It was the Book Society Choice for December, with 200,000 copies sold in the first 12 months. Hamilton had told her that in the end Linda might earn her as much as £750, but she made more than that (£798) in the first three weeks, and in six months over £7,000.

From all sides the congratulations poured in.

‘Clever, clever Nancy,’ wrote John Betjeman, ‘I am proud to know you.’

Uncle Matthew, whose opinion was awaited with some trepidation, ‘sat with his nose in the book & grunted out various corrections: “Never got the stock whips in Canada, a bloke from Australia gave them to me” & so on. He was delighted with it but cried at the end.’

The opinion that mattered most was that of the book’s begetter. Colonel was pleased with his portrait as Duc de Sauveterre, although constrained to point out that French dukes were not in life like that. ‘He then introduced me to one & indeed he can hardly have been more like the late Harrington & less like Fabrice. Still – fiction.’

He had been flattered, too, by Nancy’s dedication ‘To Gaston Palewski’ (‘Avec la dédicace, je dois entrer dans la gloire’).

But then, at the last moment, with the book already at the printer, he panicked, frightened that the Communist opposition would scent a scandal in his association with la soeur d’Unity Mitford, l’amie de Hitler. There was a flurried exchange of telegrams between Nancy and her publisher – ‘DELETE DEDICATION SUBSTITUTE LORD BERNERS’, ‘LEAVE GASTON IGNORE INSERTION PRINT AWAY’ – before Colonel calmed himself and allowed the dedication to stand.

Please never let Gerald [Lord Berners] know,’ Nancy implored Hamilton. ‘I count on you to be like a doctor & never tell tho it’s almost more than I can expect.’

Much as Nancy had been gratified by Linda’s enormous success, she could not feel happy while the cruel grey English Channel separated her (in England) from all she loved best in Paris.

Her own idea was to get back to the Colonel as quickly as possible, for not only did she miss him but she knew very well that if she were away from him for long, she would lose him.

There was that terrible roving eye of his, and she had been badly frightened by how hard she had had to work to re-establish herself after their year’s absence from each other during the war. The Colonel was out of power now, General de Gaulle having resigned in January, and his future was uncertain.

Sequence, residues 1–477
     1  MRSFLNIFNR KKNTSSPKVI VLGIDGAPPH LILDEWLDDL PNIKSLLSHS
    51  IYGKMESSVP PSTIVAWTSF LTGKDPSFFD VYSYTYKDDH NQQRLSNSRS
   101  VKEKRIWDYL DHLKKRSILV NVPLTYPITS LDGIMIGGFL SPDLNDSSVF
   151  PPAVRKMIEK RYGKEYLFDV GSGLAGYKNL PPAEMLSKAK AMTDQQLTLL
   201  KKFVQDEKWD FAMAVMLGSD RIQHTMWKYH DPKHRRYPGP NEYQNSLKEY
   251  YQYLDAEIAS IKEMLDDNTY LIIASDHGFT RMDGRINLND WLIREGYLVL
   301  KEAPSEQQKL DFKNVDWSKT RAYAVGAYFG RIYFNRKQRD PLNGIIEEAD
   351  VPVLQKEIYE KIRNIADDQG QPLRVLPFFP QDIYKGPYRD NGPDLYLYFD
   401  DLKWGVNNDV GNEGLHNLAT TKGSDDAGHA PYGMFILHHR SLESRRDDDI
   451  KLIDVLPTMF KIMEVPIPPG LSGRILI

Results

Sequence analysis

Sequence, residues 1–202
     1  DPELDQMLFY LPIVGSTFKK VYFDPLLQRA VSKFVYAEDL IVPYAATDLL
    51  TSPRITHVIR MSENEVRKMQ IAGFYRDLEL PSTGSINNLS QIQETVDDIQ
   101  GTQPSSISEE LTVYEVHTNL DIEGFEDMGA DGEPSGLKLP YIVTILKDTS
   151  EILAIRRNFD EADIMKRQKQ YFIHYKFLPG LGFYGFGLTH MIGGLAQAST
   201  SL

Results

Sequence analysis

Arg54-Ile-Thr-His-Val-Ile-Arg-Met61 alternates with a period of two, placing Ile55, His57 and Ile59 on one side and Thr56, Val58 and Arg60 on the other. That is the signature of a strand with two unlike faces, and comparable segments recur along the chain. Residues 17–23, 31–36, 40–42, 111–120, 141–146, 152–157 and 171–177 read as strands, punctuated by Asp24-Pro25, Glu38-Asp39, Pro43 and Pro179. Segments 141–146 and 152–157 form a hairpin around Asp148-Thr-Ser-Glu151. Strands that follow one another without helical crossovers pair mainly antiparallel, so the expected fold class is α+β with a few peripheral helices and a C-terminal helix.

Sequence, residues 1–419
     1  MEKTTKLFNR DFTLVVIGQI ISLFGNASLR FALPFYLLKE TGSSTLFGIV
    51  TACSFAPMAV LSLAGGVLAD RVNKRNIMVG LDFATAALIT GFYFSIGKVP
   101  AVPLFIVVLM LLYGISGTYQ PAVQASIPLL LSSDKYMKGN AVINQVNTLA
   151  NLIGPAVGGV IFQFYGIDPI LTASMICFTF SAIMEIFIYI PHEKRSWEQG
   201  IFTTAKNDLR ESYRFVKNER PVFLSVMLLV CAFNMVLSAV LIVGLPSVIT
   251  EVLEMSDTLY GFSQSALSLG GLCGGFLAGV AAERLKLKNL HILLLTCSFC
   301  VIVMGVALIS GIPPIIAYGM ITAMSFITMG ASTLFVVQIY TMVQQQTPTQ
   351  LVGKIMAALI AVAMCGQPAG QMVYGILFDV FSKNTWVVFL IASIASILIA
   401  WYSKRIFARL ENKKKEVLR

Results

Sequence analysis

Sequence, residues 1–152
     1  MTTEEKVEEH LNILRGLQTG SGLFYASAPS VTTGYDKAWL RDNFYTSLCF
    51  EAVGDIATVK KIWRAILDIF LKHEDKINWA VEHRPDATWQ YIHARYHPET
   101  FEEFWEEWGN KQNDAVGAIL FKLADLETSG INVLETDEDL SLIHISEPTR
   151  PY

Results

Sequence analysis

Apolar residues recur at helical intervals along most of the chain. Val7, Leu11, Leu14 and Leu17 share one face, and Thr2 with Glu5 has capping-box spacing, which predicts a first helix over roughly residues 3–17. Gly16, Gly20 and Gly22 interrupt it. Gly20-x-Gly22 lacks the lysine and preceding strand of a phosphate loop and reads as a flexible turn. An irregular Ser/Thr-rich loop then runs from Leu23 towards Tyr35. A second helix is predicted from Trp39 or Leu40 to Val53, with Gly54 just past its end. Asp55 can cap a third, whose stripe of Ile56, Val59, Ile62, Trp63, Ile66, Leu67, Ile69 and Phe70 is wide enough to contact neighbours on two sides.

When he did write or telephone, it always gave her joy. ‘Your darling voice & your darling hand writing within an hour of each other is almost too much happiness. And I suppose the next best thing to having one’s sentiments returned is to have them appreciated.’

But when she did not hear, she was miserable. ‘Dear darling Colonel I think of you all the time – don’t leave me for ever without a word of what is happening to you.’

She continued to live in Paris and love the Colonel for the next 25 years, until one morning in March 1969, when a small announcement appeared in the Figaro: ‘Nous sommes heureux d’annoncer le mariage de M Gaston Palewski avec Violette de Talleyrand- Périgord duchesse de Sagan.’

The event that Nancy had been dreading for nearly 30 years had finally taken place: Colonel was married. It was almost literally a death blow (she died in 1973, aged 68, of the cancer that first emerged in 1968), the bitterness of it exacerbated by the fact that Gaston’s wife was a divorced woman. For years, Nancy had accepted the face-saving excuse that he could never marry her because he dare not risk his political career by marrying a divorcée.

Now retired from politics, he could marry where he chose, and his choice was not Nancy.

Selina Hastings is the author of Nancy Mitford (Random House)


This story was from March 2021 issue. Subscribe Now